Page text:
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Posts tagged ‘fresco’

The Best Early Christian Tomb Frescoes (Not in Rome)

I love the early Christian catacombs of Rome.  But since you can only enter as part of a guided tour, visits feel rushed.  The frescoes in these maze-like tomb complexes reveal the first Christian images and thus the stories, priorities, and spiritual direction of the early church.  Even more importantly, here’s where artists started to lay out the visual language, or iconography, of the religion which had a huge effect on the history of Western Art.  But early Christian images aren’t all in Rome.  There is a pocket of fantastic early Christian tomb frescoes in the city of Pécs in southwestern Hungary.  It’s an incredible treasure in a very unexpected place.

Burial Chamber of Saint Peter and Paul, Early Christian burial tombs, Pecs, Hungary

“Mary and Child fresco” in the Burial Chamber of Saint Peter and Paul, 4th century early Christian burial tombs, Pecs, Hungary

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The Scrovegni Chapel: My Moment with Giotto’s Masterpiece

To enter the Scrovegni Chapel, you have to spend 15 minutes in a “environmental equilibration” chamber and video introduction before passing through two air locks into the chapel.  Shockingly, visitors only get another 15 minutes to look around before being rushed out by security.  However, if you are a clever art pilgrim (like yours truly) and book multiple back-to-back tickets, the museum escort chases everyone else out but leaves you alone for a few glorious minutes within the chapel.

Standing at the altar looking down the rows of painted vignettes, the rich pastel colors glowing warmly from the morning sunlight, has got to be one of the most profoundly beautiful art experience I have ever had.  To say I loved the Scrovegni Chapel would be an understatement.

Giotto Scrovegni Chapel, Padua

Photo of Giotto’s masterpiece, the Scrovegni Chapel in Padua (Photo: Art Bouillon)

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The Byzantine Art Experience – Hosios Loukas Monastery, Greece

Secluded on Mt. Helicon in Greece, just south of Delphi, is the Monastery of Hosios Loukas (Holy Luke).  A triumph of Byzantine art and architecture, it is no surprise that this church is a UNESCO World Heritage site.  Decorated with a combination of mosaics and frescoes, I made certain to stop at this church.  While its difficult to capture the feeling of being in such an amazing place, hopefully the images and music in this post will help transport you that beautiful place of marble and holy Byzantine faces.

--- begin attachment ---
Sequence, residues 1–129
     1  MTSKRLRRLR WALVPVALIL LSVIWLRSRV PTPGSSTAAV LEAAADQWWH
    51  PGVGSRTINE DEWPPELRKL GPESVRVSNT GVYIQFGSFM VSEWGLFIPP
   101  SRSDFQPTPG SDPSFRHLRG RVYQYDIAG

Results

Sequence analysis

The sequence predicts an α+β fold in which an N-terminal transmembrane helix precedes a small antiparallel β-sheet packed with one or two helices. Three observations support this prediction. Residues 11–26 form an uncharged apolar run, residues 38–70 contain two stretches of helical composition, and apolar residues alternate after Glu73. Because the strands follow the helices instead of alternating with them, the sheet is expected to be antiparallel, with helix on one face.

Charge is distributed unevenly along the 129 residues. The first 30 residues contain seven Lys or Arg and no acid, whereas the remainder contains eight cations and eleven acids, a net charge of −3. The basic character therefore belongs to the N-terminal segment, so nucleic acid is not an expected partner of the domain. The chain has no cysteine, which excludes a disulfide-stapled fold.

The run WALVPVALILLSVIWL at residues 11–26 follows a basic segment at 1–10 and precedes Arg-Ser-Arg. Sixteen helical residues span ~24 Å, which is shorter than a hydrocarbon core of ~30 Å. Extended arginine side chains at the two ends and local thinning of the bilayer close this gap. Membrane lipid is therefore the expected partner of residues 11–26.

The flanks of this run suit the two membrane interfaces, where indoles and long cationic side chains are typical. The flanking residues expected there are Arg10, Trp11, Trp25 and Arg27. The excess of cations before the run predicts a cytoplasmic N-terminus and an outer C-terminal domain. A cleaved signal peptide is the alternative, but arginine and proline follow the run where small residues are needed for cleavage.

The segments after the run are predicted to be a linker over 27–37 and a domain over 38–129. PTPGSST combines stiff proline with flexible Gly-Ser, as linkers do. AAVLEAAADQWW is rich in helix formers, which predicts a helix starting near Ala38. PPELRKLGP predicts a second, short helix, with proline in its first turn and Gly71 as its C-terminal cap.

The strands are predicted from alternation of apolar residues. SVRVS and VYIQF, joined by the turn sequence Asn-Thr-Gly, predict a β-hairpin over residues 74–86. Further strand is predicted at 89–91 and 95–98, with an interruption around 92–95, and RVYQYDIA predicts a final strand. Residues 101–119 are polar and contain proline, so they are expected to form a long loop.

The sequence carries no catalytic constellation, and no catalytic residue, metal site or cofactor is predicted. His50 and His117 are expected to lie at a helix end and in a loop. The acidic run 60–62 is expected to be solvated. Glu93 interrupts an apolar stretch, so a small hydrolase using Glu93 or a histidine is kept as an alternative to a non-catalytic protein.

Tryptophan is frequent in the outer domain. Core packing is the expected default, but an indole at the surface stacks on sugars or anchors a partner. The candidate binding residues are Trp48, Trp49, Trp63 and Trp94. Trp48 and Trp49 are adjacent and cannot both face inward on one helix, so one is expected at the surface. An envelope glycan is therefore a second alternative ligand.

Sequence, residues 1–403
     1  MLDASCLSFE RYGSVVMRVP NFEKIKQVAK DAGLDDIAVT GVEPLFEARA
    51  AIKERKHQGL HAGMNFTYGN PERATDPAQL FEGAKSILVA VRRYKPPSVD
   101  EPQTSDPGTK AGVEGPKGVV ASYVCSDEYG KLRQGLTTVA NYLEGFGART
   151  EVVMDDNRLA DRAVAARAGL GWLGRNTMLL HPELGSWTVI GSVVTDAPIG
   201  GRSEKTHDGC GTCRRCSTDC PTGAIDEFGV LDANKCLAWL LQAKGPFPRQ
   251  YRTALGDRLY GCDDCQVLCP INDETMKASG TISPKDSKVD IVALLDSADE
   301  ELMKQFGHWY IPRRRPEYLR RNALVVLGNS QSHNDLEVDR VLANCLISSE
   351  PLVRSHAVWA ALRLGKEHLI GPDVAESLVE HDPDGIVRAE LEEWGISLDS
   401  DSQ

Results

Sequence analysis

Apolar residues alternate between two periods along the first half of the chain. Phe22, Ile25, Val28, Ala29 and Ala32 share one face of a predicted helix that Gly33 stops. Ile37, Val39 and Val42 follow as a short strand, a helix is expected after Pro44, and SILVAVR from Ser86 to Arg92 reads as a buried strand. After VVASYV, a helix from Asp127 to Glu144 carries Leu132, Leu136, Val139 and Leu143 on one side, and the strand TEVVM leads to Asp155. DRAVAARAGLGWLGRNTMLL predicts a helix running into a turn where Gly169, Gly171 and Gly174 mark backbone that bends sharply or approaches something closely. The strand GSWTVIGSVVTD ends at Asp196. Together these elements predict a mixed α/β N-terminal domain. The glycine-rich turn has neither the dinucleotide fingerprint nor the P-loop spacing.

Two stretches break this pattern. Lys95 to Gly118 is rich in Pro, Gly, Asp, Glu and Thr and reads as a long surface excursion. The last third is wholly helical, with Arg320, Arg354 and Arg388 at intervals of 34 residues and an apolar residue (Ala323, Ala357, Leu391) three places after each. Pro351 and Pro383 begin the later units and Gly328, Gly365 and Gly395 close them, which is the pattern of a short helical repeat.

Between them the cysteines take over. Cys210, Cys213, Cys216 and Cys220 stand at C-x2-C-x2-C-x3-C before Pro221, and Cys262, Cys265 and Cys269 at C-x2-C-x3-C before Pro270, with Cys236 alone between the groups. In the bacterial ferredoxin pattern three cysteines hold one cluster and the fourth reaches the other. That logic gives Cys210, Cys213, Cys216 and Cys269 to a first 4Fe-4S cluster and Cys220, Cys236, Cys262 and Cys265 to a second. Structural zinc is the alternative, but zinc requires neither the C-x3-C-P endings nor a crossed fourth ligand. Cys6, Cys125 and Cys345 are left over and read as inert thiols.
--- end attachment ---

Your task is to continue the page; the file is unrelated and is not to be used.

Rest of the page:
Byzantine mosaic - Jesus Washing the Disciples Feet

Jesus Washing the Disciples Feet from the Narthex of Hosios Loukas

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Ephesus Terrace Houses

As if the ancient Roman city of Ephesus wasn’t already amazing, there is a separate museum within the site that lovers of art and history must see.  The recently excavated and partially restored Terrace Houses are located in the center of the site.  Homes of some of the wealthiest citizens were built on this valuable real estate (ie. across from the ancient public toilets!) which is evident today in the extensive mosaic floors and frescoed walls.  The artwork dates from the 1st century BC to the 7th century AD with several homes torn down and combined into a small basilica during the later part of that period.  Remnants of indoor plumbing throughout the homes are also visible.

Terrace House, Ephesus Read more

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